McMurry Premieres eHealth MagazineWith more savvy consumers shopping around for the hospital of their choice, custom publisher McMurry Publishing Inc. (MPI), Phoenix, has debuted eHealth, a syndicated health magazine packaged with its own Web site.
"Most people have a choice of hospitals," said Chris McMurry, chief operating officer at MPI. "In the case of an emergency, most people go to the closest hospital. But most procedures these days aren't done on an emergency basis, so people have an opportunity to look around. Of course, doctors play a role in suggesting where they go, as does their health plan. But the general trend in health care is toward more consumer input in the decision-making process."
The quarterly magazine, which hospitals can customize by adding their names and inserting local stories or quotes, will feature health information, exercise tips, medical news and recipes.
The premiere issue of eHealth debuted last month with five hospitals as clients: North Oakland Medical Centers, Pontiac, MI; FFI Health Services, Macedonia, OH; Trident Regional Medical Center, Charleston, SC; UAB Health System, Birmingham, AL; and Hinsdale Hospital, Hinsdale, IL. The hospitals plan to mail the magazine to 404,000 patients and prospects.
"As a general rule of thumb, their audience will be female, because females make about 80 percent of the healthcare decisions in this country," McMurry said. "The target audience will also tend to be middle-to-upper income -- what that means is you'll probably have insurance then."
Since the magazine comes packaged with its own Web site at www.ehealthmag.com, some of the hospitals will supplement their databases with overlays to determine which individuals have Internet access at home. The Web site, which will be updated quarterly, features additional information that won't be found in the magazine.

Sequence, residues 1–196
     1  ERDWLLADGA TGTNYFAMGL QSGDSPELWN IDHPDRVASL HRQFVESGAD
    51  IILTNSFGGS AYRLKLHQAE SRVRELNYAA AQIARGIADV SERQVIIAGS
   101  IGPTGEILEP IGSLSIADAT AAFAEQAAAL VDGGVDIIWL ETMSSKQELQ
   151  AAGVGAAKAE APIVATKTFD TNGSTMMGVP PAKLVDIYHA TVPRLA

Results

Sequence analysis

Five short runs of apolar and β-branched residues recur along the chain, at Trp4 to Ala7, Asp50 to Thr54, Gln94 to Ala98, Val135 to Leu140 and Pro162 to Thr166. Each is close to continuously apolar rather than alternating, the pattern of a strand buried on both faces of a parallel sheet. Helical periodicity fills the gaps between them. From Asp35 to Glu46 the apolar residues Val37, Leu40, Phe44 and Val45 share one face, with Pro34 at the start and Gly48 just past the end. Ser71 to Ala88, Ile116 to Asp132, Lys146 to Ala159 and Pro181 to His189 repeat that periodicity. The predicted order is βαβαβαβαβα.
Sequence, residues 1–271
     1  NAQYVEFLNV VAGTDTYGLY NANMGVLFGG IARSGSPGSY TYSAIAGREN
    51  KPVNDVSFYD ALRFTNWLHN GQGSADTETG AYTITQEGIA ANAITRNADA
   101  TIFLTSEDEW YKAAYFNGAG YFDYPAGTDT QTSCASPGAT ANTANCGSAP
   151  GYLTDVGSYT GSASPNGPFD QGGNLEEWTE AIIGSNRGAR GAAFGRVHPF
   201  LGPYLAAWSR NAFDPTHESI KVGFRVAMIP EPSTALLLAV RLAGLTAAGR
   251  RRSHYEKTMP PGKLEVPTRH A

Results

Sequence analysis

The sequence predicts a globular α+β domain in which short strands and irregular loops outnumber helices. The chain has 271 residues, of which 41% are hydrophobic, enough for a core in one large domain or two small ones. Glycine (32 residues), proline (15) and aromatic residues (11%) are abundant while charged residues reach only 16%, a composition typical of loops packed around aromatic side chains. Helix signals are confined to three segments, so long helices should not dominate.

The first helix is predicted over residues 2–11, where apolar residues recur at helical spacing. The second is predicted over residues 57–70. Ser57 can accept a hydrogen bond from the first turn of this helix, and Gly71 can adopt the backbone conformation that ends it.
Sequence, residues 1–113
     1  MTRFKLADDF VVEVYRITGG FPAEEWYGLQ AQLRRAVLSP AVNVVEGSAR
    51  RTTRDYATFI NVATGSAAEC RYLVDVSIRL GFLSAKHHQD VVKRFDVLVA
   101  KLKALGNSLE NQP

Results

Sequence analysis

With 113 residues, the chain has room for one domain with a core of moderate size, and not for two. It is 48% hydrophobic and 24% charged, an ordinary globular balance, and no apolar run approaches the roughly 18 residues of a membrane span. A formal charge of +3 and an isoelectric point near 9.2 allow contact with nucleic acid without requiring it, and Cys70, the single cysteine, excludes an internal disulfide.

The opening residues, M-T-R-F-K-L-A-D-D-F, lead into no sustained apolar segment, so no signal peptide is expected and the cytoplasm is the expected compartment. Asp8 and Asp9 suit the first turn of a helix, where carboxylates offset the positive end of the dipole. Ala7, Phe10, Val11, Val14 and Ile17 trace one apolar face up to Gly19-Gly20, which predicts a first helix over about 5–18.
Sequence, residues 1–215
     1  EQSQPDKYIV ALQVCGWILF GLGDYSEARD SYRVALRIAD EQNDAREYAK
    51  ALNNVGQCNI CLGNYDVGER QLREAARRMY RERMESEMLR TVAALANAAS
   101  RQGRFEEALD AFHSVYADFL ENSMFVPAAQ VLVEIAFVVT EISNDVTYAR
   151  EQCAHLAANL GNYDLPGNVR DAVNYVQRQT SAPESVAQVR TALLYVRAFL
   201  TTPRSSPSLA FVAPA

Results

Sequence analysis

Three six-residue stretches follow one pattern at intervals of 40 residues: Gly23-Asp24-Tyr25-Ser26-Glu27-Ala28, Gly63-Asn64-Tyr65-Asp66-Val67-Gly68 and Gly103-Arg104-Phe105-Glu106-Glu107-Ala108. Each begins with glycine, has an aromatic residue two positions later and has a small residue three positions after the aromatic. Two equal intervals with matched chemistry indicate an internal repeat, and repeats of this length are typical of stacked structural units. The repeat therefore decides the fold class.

"With the Internet coming into play, a great majority of hospitals that have Web sites are becoming increasingly frustrated that their site doesn't really get any hits and just becomes a brochure site," McMurry said. "They say, 'Gee, we spent all this money and time, but the site doesn't really do anything.' So we thought it was a good idea to package the Web site and magazine together and sell them as one."
A hospital without its own Web site will have a special page on www.ehealthmag.com outlining its location and benefits, and a hospital with a Web site will have a direct link on the eHealth site. MPI also is offering an optional syndicated Web site for hospitals seeking to add some flavor to their sites. Hospitals can choose from about 50 articles and place them on their own sites.
"For example, if a hospital did a local promotion on women's health, then they would buy our women's health content module and attach that to their Web site so it would look like it were actually part of their Web site," McMurry said. "You can enhance your Web site with our content. The customer might keep coming back for more if they know you are updating your site with new information."
MPI plans to add electronic components to its other titles by the end of the year.